One of the things I had to have for our gender reveal party was a fabric backdrop behind our antique buffet.  At first, I had planned to make a crepe paper backdrop.  But after doing a miniature mock-up I immediately nixed the idea and it popped into my head to make one out of fabric instead.  So off to JoAnn Fabric I went to debate over fabric for 30 minutes and scare other customers away by talking to myself about my options.  If you ever happen to run into me in public while I’m getting supplies for a project and I’m talking to myself just know it’s part of my creative process.

Anyway, today I’m going to show you how easy it is to make a fabric backdrop like the one I made for our party.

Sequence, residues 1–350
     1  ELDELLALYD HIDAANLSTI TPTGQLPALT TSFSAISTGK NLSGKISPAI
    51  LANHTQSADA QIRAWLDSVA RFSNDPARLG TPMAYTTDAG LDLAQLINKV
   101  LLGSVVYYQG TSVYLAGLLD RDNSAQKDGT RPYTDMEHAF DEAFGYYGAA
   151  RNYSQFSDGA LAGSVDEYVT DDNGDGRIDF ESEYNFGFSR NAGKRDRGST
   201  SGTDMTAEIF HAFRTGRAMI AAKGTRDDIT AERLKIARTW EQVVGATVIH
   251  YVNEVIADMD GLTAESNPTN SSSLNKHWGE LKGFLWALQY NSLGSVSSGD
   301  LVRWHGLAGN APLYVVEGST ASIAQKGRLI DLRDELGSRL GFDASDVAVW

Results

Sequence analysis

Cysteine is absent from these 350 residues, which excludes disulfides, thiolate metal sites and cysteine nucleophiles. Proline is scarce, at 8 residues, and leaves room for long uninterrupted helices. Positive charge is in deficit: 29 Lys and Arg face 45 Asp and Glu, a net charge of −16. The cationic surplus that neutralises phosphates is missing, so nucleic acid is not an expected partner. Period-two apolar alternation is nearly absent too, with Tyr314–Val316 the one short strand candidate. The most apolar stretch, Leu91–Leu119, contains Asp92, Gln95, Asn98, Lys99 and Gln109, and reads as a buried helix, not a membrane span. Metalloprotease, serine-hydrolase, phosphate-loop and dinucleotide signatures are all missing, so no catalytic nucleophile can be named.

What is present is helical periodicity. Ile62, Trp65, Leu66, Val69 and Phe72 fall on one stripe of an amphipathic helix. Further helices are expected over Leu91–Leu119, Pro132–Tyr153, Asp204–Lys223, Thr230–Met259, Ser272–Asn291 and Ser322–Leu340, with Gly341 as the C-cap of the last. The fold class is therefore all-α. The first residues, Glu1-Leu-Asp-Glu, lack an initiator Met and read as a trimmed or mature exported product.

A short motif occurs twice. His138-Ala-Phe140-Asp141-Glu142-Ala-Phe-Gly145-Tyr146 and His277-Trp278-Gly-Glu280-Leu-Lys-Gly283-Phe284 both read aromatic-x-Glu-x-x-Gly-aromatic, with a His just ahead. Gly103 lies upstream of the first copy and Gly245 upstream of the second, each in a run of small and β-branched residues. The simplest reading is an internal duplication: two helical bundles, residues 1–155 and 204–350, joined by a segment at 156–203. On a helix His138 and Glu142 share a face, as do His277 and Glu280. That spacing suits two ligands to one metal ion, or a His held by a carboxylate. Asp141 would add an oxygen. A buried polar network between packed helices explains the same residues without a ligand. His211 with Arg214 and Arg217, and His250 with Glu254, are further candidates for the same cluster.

How to make a fabric backdrop!

Let’s start with the supplies.

I wanted the backdrop to be around 50 inches tall, and the width of the buffet is 68 inches.  After doing the math, I bought a yard and a half of each fabric.  In total I brought home a yard and half of eight different fabrics (4 pinks and 4 blues).  Since I was buying so much fabric, I was sure to buy fabrics that were on sale and use coupons, including a 25% off the entire purchase coupon.  I think altogether I spent around $30-35 on the supplies for my fabric backdrop.  And I had leftover fabric.

• fabric (yardage depends on the size of your backdrop)
• parachute cord (JoAnn Fabric– jewelry section)

fabric backdrop supplies

To cut the fabric easier, I folded it in half hamburger style so I would be cutting the longest section.  I cut my pieces into 4 inch sections, using my handy cutting mat and rotary cutter.